Campaigners who say redevelopment plans for the Elephant and Castle shopping centre will destroy the local community have applied for a judicial review of its approval.

The group want to quash developer Delancey’s plan to demolish the centre to make way for a new pedestrianised town centre.

The scheme includes 979 homes, a new college building for the University of the Arts London, leisure and office space and a new station.

But groups including the 35% campaign, Up the Elephant, and Southwark Defend Council Housing say Delancey misled Southwark Council about how much social housing it could build.

Jerry Flynn, from the 35% campaign, said the 330 ‘affordable’ homes and 116 social rent homes in the plans are dependent on the the ‘west side’ of the development, which will not be built for another decade.

“The legal challenge argues that Southwark were misled by shopping centre owner and developer Delancey about the amount of the social rented housing that could be provided,” he said.

“The action is being mounted because while Delancey will be making a £137m projected profit, their scheme will destroy and displace the local community.”

Tanya Murat, from Southwark Defend Council Housing said the scheme was not designed for local people.

“Our campaigning has forced developers Delancey to improve their social cleansing plans for the shopping centre, but the scheme is still designed for a population that Delancey want to attract to the area, rather than for people already here,” she said.

“We want the permission quashed and then we want a development scheme that provides homes and shops that are truly affordable for local people,” she added.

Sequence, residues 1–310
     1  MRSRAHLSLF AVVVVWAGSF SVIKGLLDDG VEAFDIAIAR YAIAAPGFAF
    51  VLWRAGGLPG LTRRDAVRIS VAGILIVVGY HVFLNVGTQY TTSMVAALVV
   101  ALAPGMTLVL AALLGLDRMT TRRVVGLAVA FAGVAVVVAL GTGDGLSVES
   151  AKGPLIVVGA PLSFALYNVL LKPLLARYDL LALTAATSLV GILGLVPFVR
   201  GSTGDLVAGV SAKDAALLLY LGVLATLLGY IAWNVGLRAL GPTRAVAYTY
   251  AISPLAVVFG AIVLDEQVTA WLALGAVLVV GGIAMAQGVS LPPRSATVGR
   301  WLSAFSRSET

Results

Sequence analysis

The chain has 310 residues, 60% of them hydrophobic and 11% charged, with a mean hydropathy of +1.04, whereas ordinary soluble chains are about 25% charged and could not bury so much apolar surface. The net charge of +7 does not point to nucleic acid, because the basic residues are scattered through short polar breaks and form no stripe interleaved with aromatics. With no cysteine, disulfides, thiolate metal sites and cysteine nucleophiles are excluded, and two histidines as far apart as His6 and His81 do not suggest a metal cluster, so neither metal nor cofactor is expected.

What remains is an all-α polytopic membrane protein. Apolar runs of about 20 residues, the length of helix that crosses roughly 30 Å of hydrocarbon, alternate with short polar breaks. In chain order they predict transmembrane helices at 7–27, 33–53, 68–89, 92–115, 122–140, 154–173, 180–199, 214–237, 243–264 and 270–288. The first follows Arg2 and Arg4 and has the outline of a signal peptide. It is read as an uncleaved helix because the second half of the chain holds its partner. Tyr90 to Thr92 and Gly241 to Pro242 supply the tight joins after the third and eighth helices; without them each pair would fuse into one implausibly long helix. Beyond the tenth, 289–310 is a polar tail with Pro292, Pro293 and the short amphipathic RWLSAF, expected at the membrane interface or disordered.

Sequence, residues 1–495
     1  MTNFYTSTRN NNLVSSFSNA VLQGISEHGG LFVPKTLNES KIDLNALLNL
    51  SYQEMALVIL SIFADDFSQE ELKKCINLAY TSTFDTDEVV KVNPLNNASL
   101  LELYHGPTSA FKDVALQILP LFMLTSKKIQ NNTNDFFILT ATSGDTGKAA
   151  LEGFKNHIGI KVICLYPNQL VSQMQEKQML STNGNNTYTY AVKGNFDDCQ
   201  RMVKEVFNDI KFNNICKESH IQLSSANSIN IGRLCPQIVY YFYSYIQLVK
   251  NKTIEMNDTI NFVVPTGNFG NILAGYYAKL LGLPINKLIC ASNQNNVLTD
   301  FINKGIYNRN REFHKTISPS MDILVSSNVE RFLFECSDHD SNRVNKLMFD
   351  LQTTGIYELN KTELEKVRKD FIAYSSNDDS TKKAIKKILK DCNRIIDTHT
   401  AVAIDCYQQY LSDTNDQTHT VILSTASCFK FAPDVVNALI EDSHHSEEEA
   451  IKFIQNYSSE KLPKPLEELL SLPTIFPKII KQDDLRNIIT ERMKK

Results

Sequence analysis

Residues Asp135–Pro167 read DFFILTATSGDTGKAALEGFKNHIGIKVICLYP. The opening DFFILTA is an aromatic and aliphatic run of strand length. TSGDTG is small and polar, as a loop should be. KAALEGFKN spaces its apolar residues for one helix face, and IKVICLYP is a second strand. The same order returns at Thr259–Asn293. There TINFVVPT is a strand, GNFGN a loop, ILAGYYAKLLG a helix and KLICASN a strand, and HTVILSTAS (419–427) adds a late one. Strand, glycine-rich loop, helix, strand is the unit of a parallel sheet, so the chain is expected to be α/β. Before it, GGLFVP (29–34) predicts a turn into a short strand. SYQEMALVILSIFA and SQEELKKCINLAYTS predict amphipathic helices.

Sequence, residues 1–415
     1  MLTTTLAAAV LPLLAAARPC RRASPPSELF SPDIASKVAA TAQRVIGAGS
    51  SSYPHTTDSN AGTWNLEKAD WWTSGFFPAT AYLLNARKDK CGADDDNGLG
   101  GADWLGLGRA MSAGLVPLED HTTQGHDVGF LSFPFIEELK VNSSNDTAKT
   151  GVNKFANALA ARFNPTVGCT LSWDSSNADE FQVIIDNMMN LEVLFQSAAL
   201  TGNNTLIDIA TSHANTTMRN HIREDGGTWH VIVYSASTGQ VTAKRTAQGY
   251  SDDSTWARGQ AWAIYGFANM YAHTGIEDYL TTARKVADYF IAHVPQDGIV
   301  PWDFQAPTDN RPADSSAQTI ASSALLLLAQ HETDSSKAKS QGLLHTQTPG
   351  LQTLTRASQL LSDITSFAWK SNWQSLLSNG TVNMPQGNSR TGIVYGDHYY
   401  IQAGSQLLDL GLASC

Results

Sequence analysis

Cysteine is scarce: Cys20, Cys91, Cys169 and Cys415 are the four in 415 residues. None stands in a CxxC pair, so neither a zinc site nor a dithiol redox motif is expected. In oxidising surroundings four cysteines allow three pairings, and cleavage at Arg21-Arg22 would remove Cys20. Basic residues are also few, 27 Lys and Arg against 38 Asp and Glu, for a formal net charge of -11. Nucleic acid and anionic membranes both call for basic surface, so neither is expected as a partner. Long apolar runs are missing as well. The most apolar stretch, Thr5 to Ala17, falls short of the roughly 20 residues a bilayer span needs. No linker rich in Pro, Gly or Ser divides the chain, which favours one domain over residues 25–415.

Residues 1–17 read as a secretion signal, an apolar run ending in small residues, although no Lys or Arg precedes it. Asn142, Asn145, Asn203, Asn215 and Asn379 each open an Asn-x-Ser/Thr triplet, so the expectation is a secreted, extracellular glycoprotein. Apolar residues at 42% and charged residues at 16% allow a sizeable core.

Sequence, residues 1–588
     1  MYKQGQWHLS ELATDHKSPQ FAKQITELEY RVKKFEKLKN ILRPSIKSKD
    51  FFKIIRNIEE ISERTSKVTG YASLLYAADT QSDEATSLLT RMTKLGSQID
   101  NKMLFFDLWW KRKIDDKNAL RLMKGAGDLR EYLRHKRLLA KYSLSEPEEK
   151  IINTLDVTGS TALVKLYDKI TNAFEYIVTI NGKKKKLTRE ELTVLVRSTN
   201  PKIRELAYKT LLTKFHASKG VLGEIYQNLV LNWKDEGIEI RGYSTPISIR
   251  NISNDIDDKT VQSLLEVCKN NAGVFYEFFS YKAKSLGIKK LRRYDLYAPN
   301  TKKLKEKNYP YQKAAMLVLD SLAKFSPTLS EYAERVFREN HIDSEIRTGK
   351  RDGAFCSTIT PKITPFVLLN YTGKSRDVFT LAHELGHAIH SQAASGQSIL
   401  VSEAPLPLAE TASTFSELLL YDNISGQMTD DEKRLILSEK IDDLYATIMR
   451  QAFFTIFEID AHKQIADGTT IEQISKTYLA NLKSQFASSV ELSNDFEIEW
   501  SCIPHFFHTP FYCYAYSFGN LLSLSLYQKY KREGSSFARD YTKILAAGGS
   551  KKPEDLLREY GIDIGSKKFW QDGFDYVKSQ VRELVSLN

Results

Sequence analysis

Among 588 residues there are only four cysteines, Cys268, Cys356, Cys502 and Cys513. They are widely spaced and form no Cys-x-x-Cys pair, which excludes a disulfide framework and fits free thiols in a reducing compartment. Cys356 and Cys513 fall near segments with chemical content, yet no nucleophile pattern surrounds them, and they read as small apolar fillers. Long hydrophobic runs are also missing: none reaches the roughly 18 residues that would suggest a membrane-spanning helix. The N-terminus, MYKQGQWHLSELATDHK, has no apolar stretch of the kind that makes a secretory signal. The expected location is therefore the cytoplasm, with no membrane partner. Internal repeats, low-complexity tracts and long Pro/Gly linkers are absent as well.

A spokesperson from Distriandina, one of London’s oldest Latin American music and dance venues, said the venue would be forced to close if the development went ahead.

“The relocation options which have been offered to Distriandina will lead to a significant decrease in the size of its business, as well as the potential permanent closure of its music and dance venue, something which would be hugely damaging due to its role as an important cultural institution for London’s Latin American community,” they said.

A spokesperson for Delancey said they were “disappointed” they decision was being challenged, as it would push back start times on the development.

“This will have an impact on existing businesses located in the shopping centre, who were hoping for stability and certainty in order to plan for their future,” they said.

“We remain committed to creating a thriving town centre in Elephant and Castle, and are confident about the significant benefits that the redevelopment would bring to the area, both now and in the future. We will consider our next steps as we await the outcome of the judicial review process.”

A council spokesperson said: “We are aware of the application but as this is now a legal matter for the courts, the council will not be commenting further until the outcome of the proceedings are known.”

The campaign, which successfully crowdfunded £5,000 in three days, are represented by Southwark Law Centre and the Public Interest Law Centre.

A decision on the first stage of the challenge is expected within weeks.